Copyright consists of a whole bundle of rights: The right to reproduce a work, to publish it in a certain territory, or in a certain language. The Copyright Act does not say that someone may copy as much as he likes and as long as it is not meant for commercial purposes. The standard copyright law includes the "first sale doctrine." It says that after the first sale, the buyer may sell or otherwise dispose of the book.
A buyer may safely sell or give away any book published in the same country without fear of violating the copyright law. The copyright law prevents from copying a book, but not from reselling the copy bought from the publisher.
The regulations to the standard law offer certain concessions for educational institutions and for non-profit libraries. These include a defined number of multiple copies strictly for classroom use or discussion, but exclude compilations.
A similar situation was raised in the Court. The University of Delhi purchases books and stock those in its library, issue the same to different students each day or even several times in a day. The students few decades ago laboriously copied the contents or took notes. But now with the advancement of technology, students can photocopy the relevant pages. They use the services of photocopy shops outside the library in exchange of small payment.
The Delhi University also makes a master photocopy of the relevant portions as prescribed in the syllabus of the books of the plaintiffs purchased by the University and keep in its library for making further photocopies out of the master copy and distributing the same to the students.
The university also allowed the photocopying shops to supply photocopies made of the said master copy to the students. The university permitted the photocopier for photocopying the entire books, binding the same, offering or displaying the same for sale to whoever intends to purchase the same.
In two other cases in India the court held that the Copyright Act seeks to maintain a balance between the interest of the owner of the copyright in protecting his works on one hand and the interest of the public to have access to those works on the other and the two are competing with each other and a balance has to be struck. The copyright law is premised on promotion of creativity through sufficient protection on one hand and various exemptions and doctrines therein, whether statutorily embedded or judicially innovated, and recognising the equally compelling need to promote creative activity and ensure that the privileges granted by the copyright law do not impede dissemination of information, on the other.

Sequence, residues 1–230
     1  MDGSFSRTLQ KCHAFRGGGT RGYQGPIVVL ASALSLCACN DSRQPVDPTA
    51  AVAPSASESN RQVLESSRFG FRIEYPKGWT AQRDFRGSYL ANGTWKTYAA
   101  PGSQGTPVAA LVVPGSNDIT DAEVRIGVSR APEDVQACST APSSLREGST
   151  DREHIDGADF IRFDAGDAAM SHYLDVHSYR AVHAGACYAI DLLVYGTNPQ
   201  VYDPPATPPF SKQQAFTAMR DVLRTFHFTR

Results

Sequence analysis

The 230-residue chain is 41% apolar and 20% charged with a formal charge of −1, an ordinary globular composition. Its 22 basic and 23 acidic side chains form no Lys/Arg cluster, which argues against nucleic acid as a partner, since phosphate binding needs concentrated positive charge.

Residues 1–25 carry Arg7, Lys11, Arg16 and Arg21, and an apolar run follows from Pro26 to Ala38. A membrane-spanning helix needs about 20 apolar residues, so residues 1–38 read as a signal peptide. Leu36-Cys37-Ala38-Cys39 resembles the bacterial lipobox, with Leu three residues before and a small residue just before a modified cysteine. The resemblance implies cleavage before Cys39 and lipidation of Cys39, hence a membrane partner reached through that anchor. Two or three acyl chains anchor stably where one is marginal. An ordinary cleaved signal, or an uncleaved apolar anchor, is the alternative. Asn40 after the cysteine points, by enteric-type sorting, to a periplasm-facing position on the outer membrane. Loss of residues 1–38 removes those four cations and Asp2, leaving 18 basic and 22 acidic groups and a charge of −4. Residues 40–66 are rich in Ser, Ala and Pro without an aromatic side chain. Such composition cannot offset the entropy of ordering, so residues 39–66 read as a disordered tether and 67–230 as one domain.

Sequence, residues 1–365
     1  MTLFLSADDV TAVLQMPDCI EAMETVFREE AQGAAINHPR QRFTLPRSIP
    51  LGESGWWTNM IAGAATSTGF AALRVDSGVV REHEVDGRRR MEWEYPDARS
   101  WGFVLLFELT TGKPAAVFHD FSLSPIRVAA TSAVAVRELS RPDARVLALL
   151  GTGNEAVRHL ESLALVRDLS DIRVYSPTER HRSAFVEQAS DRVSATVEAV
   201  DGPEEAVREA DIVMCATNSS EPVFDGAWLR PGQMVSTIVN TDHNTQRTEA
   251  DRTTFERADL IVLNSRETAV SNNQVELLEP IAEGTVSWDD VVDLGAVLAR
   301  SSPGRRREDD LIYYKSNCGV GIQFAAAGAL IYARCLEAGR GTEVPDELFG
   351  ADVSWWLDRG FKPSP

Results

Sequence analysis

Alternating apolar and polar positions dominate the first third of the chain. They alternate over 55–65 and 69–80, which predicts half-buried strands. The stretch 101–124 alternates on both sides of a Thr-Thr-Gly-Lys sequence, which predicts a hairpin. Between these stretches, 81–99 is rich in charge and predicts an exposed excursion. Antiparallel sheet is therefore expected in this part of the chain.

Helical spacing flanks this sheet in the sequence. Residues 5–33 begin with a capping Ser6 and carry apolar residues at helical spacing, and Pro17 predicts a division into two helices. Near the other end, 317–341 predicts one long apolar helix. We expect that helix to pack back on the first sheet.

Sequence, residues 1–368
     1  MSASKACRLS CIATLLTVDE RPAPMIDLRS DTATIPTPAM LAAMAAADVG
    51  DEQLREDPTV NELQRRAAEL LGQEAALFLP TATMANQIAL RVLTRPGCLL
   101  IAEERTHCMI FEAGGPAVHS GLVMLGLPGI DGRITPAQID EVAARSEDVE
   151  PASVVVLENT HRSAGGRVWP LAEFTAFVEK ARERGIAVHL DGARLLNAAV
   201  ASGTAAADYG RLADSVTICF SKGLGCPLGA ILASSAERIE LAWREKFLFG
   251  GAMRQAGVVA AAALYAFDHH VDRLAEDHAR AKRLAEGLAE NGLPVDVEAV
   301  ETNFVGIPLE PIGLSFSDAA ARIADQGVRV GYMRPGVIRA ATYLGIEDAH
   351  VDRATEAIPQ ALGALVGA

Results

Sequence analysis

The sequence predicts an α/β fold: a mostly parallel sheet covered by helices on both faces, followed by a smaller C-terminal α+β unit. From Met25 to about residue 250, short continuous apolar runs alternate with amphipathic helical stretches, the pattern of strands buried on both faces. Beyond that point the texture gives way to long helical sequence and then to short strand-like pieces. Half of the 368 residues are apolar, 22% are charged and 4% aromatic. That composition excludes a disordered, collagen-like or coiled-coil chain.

Recently five publishers, namely i) Oxford University Press, ii) Cambridge University Press, United Kingdom (UK), iii) Cambridge University Press India Pvt. Ltd., iv) Taylor & Francis Group, U.K. and, v) Taylor & Francis Books India Pvt. Ltd., being the publishers, instituted this suit with Delhi High Court for the relief of permanent injunction restraining the two photocopy shops, who were doing business near University of Delhi, from infringing the copyright of the publishers by photocopy, reproduction and distribution of copies of these publishers' publications on a large scale and by sale of unauthorised compilations of substantial extracts from the plaintiffs' publications by compiling them into course packs/anthologies.
The High Court of Delhi observed that the copyright was designed to stimulate the art for the intellectual enrichment of the public. It is intended to increase and not to impede the harvest of knowledge. It is intended to encourage the creative activity of the authors and inventors in order to benefit the public. Copyright, especially in literary works, is thus not an inevitable, divine, or natural right that confers on authors the absolute ownership of their creations.